Starting at 206,000 miles or 42,000 miles after the engine was installed I started getting the following engine codes showing up:

PO300, PO301, PO304

The most frequent code is PO300 - random cylinder misfire

Current mileage on the 2nd engine is 67,000.

I had the throttle plate/intake system cleaned last week. Less than a mile away from the dealer the engine light came on at 75mph. I disconnected the battery to clear the code and at 75mph the engine light comes back on. If I don’t hit 75mph or accelerate to pass and get up to 75mph the engine light never comes on.

I will compression check the engine. I burn about 1 quart of oil every 2,500 miles

I suspect the fuel injectors are original to the car as I doubt whether I got new ones with an engine install at 164,000. I have yearly put a fuel injector cleaner in the fuel tank and run the tank down.

I cannot afford a new car payment and this is my only driver. It gets driven like a taxi as in lots of engine starts and stops, surface street and freeway driving. I’m driving about 2,000 miles a month. I am meticulous about fluids, servicing, and preventive maintenance. It gets all fluids and filters changed yearly (oil/filter every 2,000)

I’m willing to check fuel pressure and fuel injectors.

Is there a DIY procedure for checking if you have a bad fuel injector?

Thanks for the advice. Any more is greatly appreciated

Ahhhh…much more clear.

Do you suppose its a 75mph thing, or an engine load thing? I’m thinking that if you left it a gear lower and drove it at something like 50 (or whatever would produce the same rpm/engine load) you might get the same thing.

I’m still thinking fuel delivery problem. How old is that fuel filter? I’d get a gauge on it before messing around with the injectors. You’ll need to get a read on it while it is under load, not just a static pressure reading.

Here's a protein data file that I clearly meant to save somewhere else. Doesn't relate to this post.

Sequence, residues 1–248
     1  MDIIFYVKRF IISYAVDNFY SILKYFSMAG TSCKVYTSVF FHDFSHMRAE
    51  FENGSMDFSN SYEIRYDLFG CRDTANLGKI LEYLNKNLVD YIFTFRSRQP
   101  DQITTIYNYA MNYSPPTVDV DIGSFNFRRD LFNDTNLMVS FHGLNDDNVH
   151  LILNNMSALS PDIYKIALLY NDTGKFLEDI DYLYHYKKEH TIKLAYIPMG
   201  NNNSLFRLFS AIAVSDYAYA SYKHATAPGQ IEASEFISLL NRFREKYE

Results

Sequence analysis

Since P0301 and P0304 mean that there was no spark on those cylinders for some reason, and given that the available power to generate a spark goes down as RPM increases and that cylinder 1 and 4 are fed by the same coil, I’d look into a new coil.

I see that you did replace that coil once, if that was after this problem started and it didn’t fix it, I’d still look into that circuit, there is more than just the coil. You have to look into the primary wires that send the current to charge the coil. A connection that has gotten some corrosion on the pins or is getting a higher resistance than it used to get could limit the current to the primary of the coil and reduce the available spark.

I believe the primary current comes from the computer, so check those connections too. Inside the computer, there should be two large power transistors that act as switches to control the current in the primary circuit, possibly one of those has developed a problem.

Brilliant! I never considered connections under covers or protected by insulation might have corrosion and cause resistance. Forgot about the stuff out of sight. I’ll get on it:)

I’m not telling you not to check that stuff out. But those codes don’t mean that there was a lack of spark. It really does just mean that there was a lack of combustion. (Although even more accurately I think it means that the crank position sensor detected a anomaly in the speed of crankshaft rotation but don’t quote me on that one). This might have been from a lack of spark…or compression…or poor fuel/air mix.

This might help:

I’d do much more basic things like check compression and fuel pressure before digging into the wiring - though at least checking the voltage supply to the coil is easy.